The would-be New York suicide bomber mocked Donald Trump in a Facebook post just hours before his attack on Monday, and also left behind a chilling handwritten note in his home.

Police have scoured the Brooklyn residence of accused terrorist Akayed Ullah, 27, as they try to piece together why the Bangladeshi immigrant detonated a homemade pipe bomb inside one of New York City's busiest subway corridors during rush hour.

"Trump you failed to protect your nation," the Facebook post said, according to court papers filed on Tuesday.

Investigators also found that Mr Ullah had added multiple handwritten notations to his passport, including the chilling threat: "O America, die in your rage."

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Ullah has been hit with five charges after Monday morning's attack: supporting a terrorist organisation, use of weapons of mass destruction, bombing a place of public use, destructing property with an explosive and using a destructive device in a crime of violence.

A 10-page criminal complaint filed in a New York federal court on Tuesday alleges that Ullah detonated an improvised explosive device inside the Port Authority Bus Terminal subway station, in Midtown Manhattan.

He had strapped a homemade pipe bomb to his body using plastic cable ties. He packed the metal pipes with explosives and metal screws in order to inflict "maximum damage", court papers show. The bomb was detonated via a Christmas tree light bulb and wires powered by a nine-volt battery in his pants pocket.

Akayed Ullah's attack was inspired by the Islamic State. Photo / AP
Akayed Ullah's attack was inspired by the Islamic State. Photo / AP

The court papers draw on CCTV cameras pointed at the passageway that connects the Port Authority and Times Square stations to show that Ullah was the perpetrator.

He was the only person seriously injured in the blast, which happened about 7.20am.
The suspect was taken to Bellevue Hospital after the bombing where he told police, "I did it for the Islamic State".

He said he built the pipe bomb inside his Brooklyn home about a week before carrying out the attack, after he accumulated the necessary materials over the three weeks prior.
The bombing was inspired, in part, by the US's policies in the Middle East.

"One of Ullah's goals in carrying out the December 11 attack was to terrorise as many people as possible," the court papers allege.

"He chose to carry out the attack on a workday because he believe that there would be more people."

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Ullah, who came over from Bangladesh about seven years ago on a family union visa, was radicalised on US soil, beginning in about 2014.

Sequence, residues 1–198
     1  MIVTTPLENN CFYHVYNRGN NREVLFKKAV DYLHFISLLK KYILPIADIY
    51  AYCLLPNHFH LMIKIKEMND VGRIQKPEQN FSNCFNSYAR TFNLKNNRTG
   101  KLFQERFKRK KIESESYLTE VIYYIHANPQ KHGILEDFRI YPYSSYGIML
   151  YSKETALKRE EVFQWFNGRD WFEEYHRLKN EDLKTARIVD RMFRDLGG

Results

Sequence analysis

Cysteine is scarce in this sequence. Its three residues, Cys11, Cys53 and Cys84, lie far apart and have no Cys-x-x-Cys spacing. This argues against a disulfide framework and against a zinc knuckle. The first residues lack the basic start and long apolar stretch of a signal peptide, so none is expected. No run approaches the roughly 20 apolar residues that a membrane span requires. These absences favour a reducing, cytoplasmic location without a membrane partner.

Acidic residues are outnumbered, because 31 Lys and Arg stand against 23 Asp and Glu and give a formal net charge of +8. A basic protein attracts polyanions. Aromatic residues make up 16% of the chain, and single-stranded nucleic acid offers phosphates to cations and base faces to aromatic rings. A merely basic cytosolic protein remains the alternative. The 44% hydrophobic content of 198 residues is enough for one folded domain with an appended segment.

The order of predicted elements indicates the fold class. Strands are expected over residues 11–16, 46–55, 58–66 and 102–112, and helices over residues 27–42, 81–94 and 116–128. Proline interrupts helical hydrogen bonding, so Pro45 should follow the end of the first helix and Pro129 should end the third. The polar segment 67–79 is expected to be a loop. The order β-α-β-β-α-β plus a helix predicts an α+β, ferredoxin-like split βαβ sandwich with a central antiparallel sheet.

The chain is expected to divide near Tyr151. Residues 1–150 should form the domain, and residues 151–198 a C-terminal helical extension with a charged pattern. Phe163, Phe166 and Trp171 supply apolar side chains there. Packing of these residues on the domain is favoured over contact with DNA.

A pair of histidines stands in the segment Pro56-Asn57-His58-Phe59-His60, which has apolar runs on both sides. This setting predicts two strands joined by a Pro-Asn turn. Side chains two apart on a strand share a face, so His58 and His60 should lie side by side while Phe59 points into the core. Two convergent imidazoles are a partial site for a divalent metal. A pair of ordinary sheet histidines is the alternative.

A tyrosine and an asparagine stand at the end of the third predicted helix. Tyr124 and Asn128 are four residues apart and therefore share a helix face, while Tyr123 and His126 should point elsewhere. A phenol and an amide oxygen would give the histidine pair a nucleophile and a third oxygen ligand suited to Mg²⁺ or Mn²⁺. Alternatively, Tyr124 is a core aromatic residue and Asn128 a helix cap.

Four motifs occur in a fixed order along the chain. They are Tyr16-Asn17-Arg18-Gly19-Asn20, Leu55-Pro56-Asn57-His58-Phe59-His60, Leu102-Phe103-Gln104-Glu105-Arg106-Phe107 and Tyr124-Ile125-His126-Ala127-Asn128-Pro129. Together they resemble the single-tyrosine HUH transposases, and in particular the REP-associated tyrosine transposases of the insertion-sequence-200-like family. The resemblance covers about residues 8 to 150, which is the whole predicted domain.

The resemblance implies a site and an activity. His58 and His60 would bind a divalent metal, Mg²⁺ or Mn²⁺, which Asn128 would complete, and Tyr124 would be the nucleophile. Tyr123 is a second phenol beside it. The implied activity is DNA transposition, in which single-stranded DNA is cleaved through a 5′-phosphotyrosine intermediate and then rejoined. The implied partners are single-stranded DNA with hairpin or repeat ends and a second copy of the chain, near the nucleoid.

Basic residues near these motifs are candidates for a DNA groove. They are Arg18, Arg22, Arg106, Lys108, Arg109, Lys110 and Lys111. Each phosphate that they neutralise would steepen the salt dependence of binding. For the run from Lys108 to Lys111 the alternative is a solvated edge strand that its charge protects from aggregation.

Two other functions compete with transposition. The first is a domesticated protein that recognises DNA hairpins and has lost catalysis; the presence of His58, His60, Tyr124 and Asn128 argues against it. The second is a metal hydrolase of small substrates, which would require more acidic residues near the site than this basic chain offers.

"Ullah viewed pro-ISIS materials online including a video instructing, in substance, that if supporters of ISIS were unable to travel overseas to join ISIS, they should carry out attacks in their homelands," the court documents say.

"He began researching how to build IEDs (improvised explosive devices) on the internet approximately one year ago."

Police officers patrol in the passageway connecting New York City's Port Authority bus terminal and the Times Square subway station. Photo / AP
Police officers patrol in the passageway connecting New York City's Port Authority bus terminal and the Times Square subway station. Photo / AP

On the morning of the attack, Ullah wrote an anti-Trump message on Facebook as well as another post designed to show that he had carried out the attack in the name of Isis.

Only three other people were hurt in Monday's incident and their injuries were minor, including headaches and ringing in the ears from the explosion.

The bombing came six weeks after another Isis-inspired immigrant killed eight people when he drove a vehicle down a New York bike path.

Accused terrorist just had baby

Counter-terrorism officers in Bangladesh have questioned Ullah's 25-year-old wife, whom he married in 2016 and visited in September after the birth of their son, officials said.

Police raided the family home in Dhaka, but neither Ullah's wife, Jannatul Ferdous Piya, nor her father are under any suspicion, officer Saiful Islam told AFP.

Mofazzal Hossain, caretaker of the family apartment in Dhaka, described Ullah as "pious and a gentleman".

"He used to pray in the local mosque five times a day. He would urge us to pray and do good work," Hossain told AFP.

Trump, who has clamped down on immigration since taking office in January, called for tougher US immigration rules on Monday, saying the current policy allows "far too many dangerous, inadequately vetted people to access our country".

He has called for the elimination of programs that allowed Mr Ullah and bike path attack suspect Sayfullo Saipov to move to the US, and called for a merit-based immigration policy.

Law enforcement officials work following an explosion near New York's Times Square. Photo / AP
Law enforcement officials work following an explosion near New York's Times Square. Photo / AP

New York mayor Bill de Blasio, a strident Trump critic, said the President's criticism was misplaced, stressing that Ullah would not have been allowed into the country if his sponsors were not of "good standing".

The family issued a statement through the Council on American-Islamic Relations saying they were "heartbroken" by the attack and the allegations against Ullah.

The New York Times reported that Ullah prayed regularly at the Masjid Nur Al Islam mosque and, from 2012 to 2015, held a licence to drive hire vehicles.

A businessman neighbour told the newspaper that he had unpleasant encounters with Mr Ullah in recent years, largely about parking and complaints that his family used to block the driveway.